Here is an excerpt from an article written by Deepa Prahalad for the Harvard Business Review blog. To read the complete article, check out other articles and resources, and/or sign up for a free subscription to Harvard Business Review’s Daily Alerts, please click here.
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There are plentiful examples today of companies using design to create value for consumers and shareholders. Despite the growing interest in design across industries, there are also persistent misconceptions that keep many business leaders from realizing its potential in their organizations. Here are the most common ones:
1. Quality is more important than design in my business. Quality is important in every business and always will be. However, quality is the price of entry in many industries and it’s rarely enough to win market share and loyal consumers.
There’s a persistent belief in a trade-off between style and substance. In reality, design is a way of conveying quality. Data suggest that companies gain the luxury to focus on design when they have mastered quality, distribution, and understand their markets well enough to create a relevant offering. Google, Coca Cola, HP, Procter & Gamble—are just a few examples of firms that are high design and high performance.
What’s true in the lives of individuals applies to companies as well—when you’re exhausted, overwhelmed or confused about what to do next, you never look your best. Consumers look at a dirty store, picked-over merchandise and bad service and come to the same conclusions. Good design is like putting on a suit for an interview—it shows the other person that you care about the relationship.
2. It is more important for me to offer a great price than a great design. Some great designs and brands do cost more, but there is no absolute correlation between price and design. Great design exists at all price points. Some of the best-known examples are companies such as Target, IKEA and LEGO that offer goods in a budget-conscious segment. The pattern continues with the Top 20 global brands, which include luxury retailers but also accessible goods and services like Coca-Cola, McDonald’s, Google and Gillette.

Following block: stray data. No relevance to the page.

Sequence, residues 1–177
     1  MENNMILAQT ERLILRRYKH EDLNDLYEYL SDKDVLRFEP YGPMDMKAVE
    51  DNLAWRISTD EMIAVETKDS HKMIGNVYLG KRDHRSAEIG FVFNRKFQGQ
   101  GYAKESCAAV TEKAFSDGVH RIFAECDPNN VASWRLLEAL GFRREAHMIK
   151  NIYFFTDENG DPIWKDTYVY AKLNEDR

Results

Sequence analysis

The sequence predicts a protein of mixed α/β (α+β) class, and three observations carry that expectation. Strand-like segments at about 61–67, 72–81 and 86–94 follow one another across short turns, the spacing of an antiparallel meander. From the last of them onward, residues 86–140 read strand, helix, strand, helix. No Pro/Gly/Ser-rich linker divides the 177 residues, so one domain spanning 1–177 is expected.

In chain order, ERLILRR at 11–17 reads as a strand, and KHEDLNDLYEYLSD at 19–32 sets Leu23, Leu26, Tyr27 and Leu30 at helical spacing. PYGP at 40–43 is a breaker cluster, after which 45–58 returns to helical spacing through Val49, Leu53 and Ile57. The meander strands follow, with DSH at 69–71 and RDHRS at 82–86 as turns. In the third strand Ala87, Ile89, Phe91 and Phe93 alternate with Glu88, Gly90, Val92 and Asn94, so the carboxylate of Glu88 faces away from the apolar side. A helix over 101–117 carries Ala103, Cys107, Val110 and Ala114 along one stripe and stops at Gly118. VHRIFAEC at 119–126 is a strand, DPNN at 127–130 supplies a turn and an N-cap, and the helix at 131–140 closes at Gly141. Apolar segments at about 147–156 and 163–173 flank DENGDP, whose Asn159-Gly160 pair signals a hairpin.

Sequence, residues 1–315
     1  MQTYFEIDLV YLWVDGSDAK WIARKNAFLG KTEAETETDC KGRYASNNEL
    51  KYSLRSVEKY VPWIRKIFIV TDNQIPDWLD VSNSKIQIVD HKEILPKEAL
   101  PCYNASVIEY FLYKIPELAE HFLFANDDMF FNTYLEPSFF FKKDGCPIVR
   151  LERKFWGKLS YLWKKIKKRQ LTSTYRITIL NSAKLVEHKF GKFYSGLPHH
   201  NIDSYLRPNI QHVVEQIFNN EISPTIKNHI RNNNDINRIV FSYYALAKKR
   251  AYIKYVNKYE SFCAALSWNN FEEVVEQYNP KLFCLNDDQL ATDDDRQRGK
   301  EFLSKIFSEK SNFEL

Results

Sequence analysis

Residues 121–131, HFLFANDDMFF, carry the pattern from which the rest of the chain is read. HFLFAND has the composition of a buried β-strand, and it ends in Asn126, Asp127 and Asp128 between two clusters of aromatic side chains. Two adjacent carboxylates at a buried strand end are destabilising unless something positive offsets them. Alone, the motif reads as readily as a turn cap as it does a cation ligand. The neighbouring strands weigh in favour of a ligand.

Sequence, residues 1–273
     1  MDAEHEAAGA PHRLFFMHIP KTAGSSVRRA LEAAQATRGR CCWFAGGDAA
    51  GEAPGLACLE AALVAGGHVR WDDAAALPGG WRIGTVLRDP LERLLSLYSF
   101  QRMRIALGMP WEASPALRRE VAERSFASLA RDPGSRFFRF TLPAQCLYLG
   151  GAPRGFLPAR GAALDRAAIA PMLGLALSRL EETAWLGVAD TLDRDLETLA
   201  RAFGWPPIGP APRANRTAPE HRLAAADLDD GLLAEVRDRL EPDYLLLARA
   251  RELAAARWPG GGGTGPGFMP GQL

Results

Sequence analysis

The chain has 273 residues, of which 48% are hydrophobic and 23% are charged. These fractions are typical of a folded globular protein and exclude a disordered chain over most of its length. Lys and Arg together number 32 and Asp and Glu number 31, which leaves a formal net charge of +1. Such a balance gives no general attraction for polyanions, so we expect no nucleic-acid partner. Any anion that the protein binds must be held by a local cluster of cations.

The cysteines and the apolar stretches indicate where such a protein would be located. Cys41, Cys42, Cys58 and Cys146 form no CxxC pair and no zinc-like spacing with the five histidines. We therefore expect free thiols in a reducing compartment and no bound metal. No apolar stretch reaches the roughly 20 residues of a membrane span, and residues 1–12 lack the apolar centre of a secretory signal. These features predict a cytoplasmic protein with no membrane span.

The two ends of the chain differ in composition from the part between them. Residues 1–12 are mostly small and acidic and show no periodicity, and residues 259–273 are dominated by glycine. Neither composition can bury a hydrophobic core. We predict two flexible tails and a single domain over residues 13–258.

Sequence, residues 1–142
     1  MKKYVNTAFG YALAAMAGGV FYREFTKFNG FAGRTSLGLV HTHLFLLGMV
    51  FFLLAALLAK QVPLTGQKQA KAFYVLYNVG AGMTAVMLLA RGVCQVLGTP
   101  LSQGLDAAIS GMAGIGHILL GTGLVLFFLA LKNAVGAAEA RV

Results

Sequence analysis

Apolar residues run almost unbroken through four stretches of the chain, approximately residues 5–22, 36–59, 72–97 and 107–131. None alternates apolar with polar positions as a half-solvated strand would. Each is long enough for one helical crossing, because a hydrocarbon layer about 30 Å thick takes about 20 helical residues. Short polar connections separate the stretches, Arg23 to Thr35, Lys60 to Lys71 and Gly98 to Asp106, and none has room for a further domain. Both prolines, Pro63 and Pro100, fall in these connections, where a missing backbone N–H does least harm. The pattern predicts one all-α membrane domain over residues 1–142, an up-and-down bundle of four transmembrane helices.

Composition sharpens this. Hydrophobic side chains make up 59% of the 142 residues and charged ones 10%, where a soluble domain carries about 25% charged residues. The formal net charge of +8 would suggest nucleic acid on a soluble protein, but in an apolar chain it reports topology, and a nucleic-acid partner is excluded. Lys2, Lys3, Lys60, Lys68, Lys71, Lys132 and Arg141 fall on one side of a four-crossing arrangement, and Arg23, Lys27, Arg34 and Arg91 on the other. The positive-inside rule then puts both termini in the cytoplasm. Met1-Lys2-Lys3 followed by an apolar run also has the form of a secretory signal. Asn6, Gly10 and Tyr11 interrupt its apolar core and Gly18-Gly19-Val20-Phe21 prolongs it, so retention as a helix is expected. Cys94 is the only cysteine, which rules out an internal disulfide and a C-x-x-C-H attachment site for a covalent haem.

More importantly, some of the most innovative designs today were created with affordability and scarcity in mind. The Tata Nano, the award-winning portable ECG machine from GE and One Laptop per Child were just a few notable efforts that challenged assumptions about price-performance relationships and generated design buzz. The push for sustainability across industries is likely to amplify this trend.
3. I would like to have a great design, but I have to launch on time. Design by definition must include execution. Focusing on design forces an organization to test ideas, synthesize feedback, and generate new concepts at a rapid pace. Historically, designers were brought in at the end of the launch process—and creating concepts under intense pressure is still the norm.
Look at the many of the companies that are strongly associated with design today. Apple, P&G, Target, Amazon, LEGO and others expand their portfolios and launch products more frequently than their peers. Design efforts don’t slow down product launches. Indecision does. A widely shared set of decision criteria around design can make the process more efficient.
4. Design and aesthetics are too subjective—I need data to make decisions. Although great design speaks to a consumer’s needs and emotions, there is no single aesthetic that companies must drive toward. Consistency between the brand values and the physical design is what creates a superior consumer experience. BMW, Honda and Hyundai have deep consumer loyalty with very different looks and features. Moreover, design priorities are based in actual data. Consumer testing and feedback can be achieved at low cost today with the Internet and social media.
5. I will create the product or service; I trust the advertising experts to tell the story. The worlds of brand, advertising and design are rapidly converging. Well-crafted marketing and branding can boost the impact of a great design, but unless the message is reinforced by real-world experience, the effect is usually temporary.
In the best cases, the design itself can become the advertisement. Some familiar success stories—Dyson, FlipCam, the iPod, Method—illustrate this point beautifully. These designs fuel demand and propel brand loyalty. It’s no accident that great companies often have great ad campaigns and use social media effectively—they are leveraging the same deep understanding of the consumer.
Business leaders don’t need to go to design school to bring great design into their companies. They need to remember bring their own core skills—listening to consumers, asking questions, and openness to new ideas—into the design process. Design doesn’t work in a vacuum—it’s the alignment with the right business model and service that creates a compelling consumer experience. Getting to great design requires looking at consumers, not competing products, more thoughtfully.